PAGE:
In 2009 the federal deficit was 11.2 percent of GDP. And that was the deficit if you count the Social Security and other trust-fund surpluses as income, which the government does. The national debt in 2009 increased by 11.7 percent of GDP.
The reasons given for this enormous deficit are the financial crisis and the recession it caused. But the last year in which unemployment hit its current level of 10.2 percent, in 1982, the deficit was only 5.5 percent of GDP. In 1933, when a financial crisis was so severe that the president closed the country’s banks and the stock exchange remained closed for 10 days, the deficit was 4.61 percent of GDP. Only when the nation was fighting a great war has the deficit hit anything like its current level. In 1942, the deficit was 11.6 percent of GDP and reached 27.5 percent in 1943. Beginning in fiscal 1947, the first year of peace, the government began running surpluses (4.6 percent of GDP in 1948).
That’s not going to happen in the near future. The Congressional Budget Office projects that the federal deficit will decline from 11.2 percent of GDP this year to 9.6 percent in 2010, 6.1 percent in 2011, and 3.7 percent in 2012. The CBO foresees its remaining above 3 percent for as far as the green-shaded eye can see. If the economic projections of the CBO turn out to be even a little too optimistic (and they are, in reality, only guesses), it could be far worse.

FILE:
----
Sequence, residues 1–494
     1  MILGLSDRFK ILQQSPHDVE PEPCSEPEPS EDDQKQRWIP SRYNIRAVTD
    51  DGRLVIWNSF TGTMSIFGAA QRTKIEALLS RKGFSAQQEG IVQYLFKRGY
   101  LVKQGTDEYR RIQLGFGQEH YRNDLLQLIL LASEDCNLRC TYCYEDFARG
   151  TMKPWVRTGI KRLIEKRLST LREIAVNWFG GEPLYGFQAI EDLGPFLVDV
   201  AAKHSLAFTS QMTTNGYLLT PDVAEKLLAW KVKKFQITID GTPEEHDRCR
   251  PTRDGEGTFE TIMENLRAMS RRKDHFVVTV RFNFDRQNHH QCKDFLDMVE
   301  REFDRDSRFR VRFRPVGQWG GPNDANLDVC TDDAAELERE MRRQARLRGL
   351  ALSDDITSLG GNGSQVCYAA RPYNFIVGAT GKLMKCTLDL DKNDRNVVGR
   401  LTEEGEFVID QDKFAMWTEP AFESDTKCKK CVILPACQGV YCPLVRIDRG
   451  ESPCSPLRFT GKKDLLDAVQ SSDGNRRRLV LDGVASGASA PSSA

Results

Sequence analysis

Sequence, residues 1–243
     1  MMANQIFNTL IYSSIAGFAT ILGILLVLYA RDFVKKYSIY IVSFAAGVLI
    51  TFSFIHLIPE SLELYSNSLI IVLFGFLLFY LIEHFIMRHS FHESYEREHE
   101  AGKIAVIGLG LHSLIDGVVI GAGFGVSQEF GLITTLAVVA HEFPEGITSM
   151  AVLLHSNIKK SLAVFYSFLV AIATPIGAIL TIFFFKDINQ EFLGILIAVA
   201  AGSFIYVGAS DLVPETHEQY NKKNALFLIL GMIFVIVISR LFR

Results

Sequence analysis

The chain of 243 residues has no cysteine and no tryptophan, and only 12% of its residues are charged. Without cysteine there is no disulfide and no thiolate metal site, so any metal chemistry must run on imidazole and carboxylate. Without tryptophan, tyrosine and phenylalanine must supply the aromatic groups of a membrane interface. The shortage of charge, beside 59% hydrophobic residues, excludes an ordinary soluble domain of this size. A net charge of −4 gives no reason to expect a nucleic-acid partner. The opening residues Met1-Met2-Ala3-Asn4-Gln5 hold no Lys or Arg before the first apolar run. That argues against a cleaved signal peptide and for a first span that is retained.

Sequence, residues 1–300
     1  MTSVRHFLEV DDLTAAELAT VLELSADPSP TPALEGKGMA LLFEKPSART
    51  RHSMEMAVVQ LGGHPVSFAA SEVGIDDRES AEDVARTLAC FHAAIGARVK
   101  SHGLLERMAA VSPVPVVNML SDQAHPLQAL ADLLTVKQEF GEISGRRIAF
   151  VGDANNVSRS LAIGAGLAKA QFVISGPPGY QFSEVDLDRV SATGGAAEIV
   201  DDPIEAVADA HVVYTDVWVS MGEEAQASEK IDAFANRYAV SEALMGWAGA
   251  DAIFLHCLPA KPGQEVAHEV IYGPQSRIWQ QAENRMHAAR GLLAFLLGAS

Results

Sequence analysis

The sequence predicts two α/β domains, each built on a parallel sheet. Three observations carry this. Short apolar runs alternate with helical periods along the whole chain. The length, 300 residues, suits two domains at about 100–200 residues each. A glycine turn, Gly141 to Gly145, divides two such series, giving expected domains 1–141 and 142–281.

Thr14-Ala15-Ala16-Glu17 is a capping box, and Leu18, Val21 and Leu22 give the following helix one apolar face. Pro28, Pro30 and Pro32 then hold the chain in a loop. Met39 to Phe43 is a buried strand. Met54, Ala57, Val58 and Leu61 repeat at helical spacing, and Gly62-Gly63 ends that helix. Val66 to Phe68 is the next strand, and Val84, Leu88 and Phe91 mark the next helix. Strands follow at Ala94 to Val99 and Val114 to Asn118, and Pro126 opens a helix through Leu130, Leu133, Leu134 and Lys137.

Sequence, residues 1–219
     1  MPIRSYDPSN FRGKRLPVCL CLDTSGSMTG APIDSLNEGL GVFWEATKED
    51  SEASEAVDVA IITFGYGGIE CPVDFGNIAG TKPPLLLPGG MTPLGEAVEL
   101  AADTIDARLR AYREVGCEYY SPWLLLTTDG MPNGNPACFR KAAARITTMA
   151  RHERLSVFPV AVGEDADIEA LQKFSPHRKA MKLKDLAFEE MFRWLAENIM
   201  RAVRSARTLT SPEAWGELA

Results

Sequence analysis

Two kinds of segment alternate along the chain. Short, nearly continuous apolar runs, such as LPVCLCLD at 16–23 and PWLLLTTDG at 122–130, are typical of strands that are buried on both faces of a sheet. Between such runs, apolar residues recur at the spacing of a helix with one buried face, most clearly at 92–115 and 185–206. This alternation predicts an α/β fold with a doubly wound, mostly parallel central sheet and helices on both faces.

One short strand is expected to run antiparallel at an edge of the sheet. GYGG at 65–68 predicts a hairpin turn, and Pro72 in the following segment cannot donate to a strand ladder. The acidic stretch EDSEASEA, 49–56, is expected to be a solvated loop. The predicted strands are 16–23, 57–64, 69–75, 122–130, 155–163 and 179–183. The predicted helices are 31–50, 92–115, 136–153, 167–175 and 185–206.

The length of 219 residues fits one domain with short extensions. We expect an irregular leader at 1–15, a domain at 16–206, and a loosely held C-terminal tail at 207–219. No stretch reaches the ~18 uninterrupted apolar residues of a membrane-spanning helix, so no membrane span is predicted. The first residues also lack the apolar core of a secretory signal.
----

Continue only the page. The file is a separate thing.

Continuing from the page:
In a new Newsweek article that is well worth reading, the distinguished economic historian Niall Ferguson discusses the possible consequences of a national debt that rises to a dangerous level. Those consequences aren’t pretty. As he points out, when interest payments on the debt of Great Powers have risen above 20 percent of government revenues, trouble has always been on the way. Thanks to very low interest rates right now, interest on the debt will be 8.38 percent of the budget in fiscal 2009. But interest rates are sure to rise if economic recovery is robust and the federal government (and other national governments) continues to run up big deficits. It is by no means unlikely that we could find ourselves at the danger level in another decade. In a decade after that, we could be going the way of 17th-century Spain, 18th-century France, and 20th-century Britain, with our power to protect American interests severely curtailed.
The public is aware of the situation and in poll after poll puts deficit reduction as its No. 1 priority. So what will the greatest deliberative body in the world — as the U.S. Senate loves to call itself — spend the month of December deliberating about? The greatest expansion of the federal government’s responsibilities since Lyndon Johnson left the White House 40 years ago.
The best argument against the health-care bill now before the Senate is, simply, that we can’t afford it. The public increasingly knows that. Why doesn’t the Senate?